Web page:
• Miriam Jones

October 1930


There you are, tipping your hat just outside my peripheral vision

obscured by your posterity-loaded colleagues


who cast off for Karachi inflated by five and a half million

cubic feet of hydrogen and hubris


in a vessel untested in adverse conditions, suspended

above Westminster as if rendered by Magritte.


Over London. All well. Moderate rain. Base of low clouds 1,500ft.

Wind 240 degrees (west south west) 25mph. Course set for Paris.


They surf nimbus over the Channel on Lord Thomson’s Axminster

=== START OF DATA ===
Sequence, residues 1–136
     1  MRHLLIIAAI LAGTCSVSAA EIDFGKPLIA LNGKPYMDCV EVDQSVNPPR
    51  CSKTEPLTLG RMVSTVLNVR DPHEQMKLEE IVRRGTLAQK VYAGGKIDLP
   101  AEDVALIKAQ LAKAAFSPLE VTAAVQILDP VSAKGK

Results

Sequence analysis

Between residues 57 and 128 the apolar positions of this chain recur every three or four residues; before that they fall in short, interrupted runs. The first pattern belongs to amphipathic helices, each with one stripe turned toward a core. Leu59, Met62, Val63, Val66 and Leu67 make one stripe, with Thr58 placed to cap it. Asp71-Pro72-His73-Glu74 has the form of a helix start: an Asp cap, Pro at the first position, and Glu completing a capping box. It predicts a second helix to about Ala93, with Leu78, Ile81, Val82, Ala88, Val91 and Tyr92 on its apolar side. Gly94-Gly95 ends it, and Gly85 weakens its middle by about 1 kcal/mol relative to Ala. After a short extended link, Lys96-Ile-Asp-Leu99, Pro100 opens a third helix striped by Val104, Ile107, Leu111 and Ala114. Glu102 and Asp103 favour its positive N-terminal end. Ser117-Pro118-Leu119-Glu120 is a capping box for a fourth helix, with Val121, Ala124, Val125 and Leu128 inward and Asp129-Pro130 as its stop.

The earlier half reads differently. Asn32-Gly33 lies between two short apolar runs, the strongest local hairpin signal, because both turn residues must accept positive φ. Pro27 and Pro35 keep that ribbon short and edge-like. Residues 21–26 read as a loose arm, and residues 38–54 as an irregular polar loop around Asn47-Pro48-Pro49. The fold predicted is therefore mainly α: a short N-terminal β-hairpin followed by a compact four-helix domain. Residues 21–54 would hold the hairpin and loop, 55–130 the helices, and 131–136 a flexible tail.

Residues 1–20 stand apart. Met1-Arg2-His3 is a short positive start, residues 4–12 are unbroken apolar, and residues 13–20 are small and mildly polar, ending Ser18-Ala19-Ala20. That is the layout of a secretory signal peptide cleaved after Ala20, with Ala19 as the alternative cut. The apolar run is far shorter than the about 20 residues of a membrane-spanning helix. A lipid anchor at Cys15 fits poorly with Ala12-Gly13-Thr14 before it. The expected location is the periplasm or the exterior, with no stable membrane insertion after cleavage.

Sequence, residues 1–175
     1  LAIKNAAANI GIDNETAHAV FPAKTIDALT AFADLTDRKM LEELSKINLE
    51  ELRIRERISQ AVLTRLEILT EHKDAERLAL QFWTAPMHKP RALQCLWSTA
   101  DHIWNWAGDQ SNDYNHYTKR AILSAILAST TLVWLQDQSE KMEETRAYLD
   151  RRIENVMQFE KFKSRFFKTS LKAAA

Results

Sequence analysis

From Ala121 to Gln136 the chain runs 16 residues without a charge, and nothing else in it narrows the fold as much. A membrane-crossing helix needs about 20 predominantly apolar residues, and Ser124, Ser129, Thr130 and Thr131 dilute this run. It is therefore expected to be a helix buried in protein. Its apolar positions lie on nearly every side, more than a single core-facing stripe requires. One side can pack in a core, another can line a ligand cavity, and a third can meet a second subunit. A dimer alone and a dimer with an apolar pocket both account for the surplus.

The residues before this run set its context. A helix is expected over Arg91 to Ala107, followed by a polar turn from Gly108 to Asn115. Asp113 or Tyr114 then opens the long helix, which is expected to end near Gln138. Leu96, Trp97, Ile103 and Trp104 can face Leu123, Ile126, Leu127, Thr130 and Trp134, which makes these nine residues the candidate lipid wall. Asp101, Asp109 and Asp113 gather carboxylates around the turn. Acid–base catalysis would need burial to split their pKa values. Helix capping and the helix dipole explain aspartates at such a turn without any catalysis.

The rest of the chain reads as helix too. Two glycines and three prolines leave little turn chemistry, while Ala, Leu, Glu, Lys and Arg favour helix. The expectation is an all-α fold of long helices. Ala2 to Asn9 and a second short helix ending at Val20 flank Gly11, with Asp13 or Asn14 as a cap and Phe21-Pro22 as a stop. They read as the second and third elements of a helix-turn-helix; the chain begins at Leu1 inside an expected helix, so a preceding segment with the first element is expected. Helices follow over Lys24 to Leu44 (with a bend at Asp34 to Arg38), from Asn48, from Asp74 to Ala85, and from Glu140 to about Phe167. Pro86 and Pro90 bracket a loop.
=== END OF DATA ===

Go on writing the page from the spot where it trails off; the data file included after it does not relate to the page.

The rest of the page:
retire to the smoking room (asbestos-lined for safety).


Our distinguished passengers smoked a final cigar

and have gone to bed after the excitement of their leave-taking.


They are sleeping when she sounds. Hooked by a gust she dips

her nose, furrows steel ribs into the hill, punctures, combusts.


When you go Beauvais to identify them it is impossible.

(Going anywhere by air was, by definition, tricky in those days.)


Before you die you light your brazier, entrust your fragments

to the flames. They were too heavy – you are lighter than air.